Lundborg: Another theme in your book is human trafficking. By some estimates, it’s the fastest-growing criminal industry, now topping $40 billion annually. Two and a half million people a year are victimized. Why is it on the rise?
Fairstein: It’s so easy to take advantage of the desperate. We have such little awareness in this country of how pervasive it is. In Southeast Asia, it’s children under 10 who are the commodity.
In the novel, I focus on the poorer countries of Eastern Europe, where it’s mostly teens who are shipped out to become sex slaves, many of them chained in back rooms and basements. The girls go along because they’re told they can make money as barmaids or waitresses.
Lundborg: Is New York City a big hub?
Fairstein: Everyone wants to come to the U.S. There’s been a long history of human trafficking here in the city. There was the Tontine Coffee House down by the port, the 21 of its day, and the slave market was right across the street. It’s shocking that the trade is still going on.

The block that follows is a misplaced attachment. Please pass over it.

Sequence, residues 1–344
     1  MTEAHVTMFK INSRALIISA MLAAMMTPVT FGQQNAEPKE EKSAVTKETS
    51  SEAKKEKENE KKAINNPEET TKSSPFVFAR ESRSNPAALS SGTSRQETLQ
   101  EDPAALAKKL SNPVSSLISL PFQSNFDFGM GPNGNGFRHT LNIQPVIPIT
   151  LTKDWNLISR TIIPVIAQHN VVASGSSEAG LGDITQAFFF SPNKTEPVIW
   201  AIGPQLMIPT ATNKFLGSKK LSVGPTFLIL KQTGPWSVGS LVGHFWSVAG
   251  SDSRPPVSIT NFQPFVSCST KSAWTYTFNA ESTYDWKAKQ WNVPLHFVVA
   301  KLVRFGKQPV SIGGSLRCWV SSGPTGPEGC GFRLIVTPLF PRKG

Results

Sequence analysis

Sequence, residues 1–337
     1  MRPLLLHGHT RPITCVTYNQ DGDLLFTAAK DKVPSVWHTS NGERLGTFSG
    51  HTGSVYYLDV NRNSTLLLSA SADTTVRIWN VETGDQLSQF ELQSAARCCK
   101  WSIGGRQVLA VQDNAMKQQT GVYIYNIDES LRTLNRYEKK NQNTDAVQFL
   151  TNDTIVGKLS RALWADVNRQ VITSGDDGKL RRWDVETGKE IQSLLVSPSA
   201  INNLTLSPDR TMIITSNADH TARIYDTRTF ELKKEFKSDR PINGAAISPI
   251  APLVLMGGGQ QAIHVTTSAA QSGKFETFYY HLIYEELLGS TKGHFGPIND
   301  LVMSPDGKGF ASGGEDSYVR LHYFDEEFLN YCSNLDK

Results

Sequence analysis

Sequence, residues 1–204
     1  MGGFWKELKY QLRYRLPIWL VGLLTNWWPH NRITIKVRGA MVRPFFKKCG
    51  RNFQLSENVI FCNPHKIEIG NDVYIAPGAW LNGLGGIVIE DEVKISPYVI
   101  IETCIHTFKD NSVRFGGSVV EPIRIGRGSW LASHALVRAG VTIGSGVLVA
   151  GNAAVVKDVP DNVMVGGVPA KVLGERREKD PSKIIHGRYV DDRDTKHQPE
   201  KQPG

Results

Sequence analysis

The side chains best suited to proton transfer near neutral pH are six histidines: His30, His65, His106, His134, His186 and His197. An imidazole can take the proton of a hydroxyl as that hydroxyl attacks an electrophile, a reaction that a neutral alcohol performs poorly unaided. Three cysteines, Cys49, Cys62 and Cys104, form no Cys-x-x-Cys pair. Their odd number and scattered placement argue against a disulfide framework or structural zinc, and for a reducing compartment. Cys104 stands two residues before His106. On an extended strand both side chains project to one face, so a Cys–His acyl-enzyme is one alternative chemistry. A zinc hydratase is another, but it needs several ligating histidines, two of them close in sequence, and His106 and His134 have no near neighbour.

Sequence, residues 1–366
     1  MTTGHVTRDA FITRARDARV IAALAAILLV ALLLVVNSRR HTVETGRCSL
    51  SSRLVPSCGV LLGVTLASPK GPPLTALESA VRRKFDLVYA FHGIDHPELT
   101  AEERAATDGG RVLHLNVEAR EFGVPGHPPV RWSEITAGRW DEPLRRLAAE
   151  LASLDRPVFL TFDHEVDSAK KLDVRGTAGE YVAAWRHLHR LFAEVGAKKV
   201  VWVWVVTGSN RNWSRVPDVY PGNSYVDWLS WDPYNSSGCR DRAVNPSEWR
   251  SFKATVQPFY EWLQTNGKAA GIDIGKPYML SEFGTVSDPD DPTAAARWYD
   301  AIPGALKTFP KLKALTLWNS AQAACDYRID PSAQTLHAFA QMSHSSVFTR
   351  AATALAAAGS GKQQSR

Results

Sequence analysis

Girls From Kansas
Lundborg: It’s not just imported slaves, is it?
Fairstein: There’s also a problem within the U.S. You could probably go to Port Authority any day of the week and watch guys pick up girls getting off the bus from Detroit or Kansas in order to break them into the sex trade.
Lundborg: What’s the difference between prostitution and trafficking?
Fairstein: It’s blurring. The trafficking is much more organized, analogous to drug cartels. You have to follow the money with a team specializing in racketeering.
Lundborg: Even more heartbreaking is the fact that these young women can’t ever go home.
Fairstein: It’s the same story of blaming the victim. I based the story of the girl in the Ukraine on facts: Teenagers are chained in a basement until they get pregnant, when they’re thrown out by the traffickers.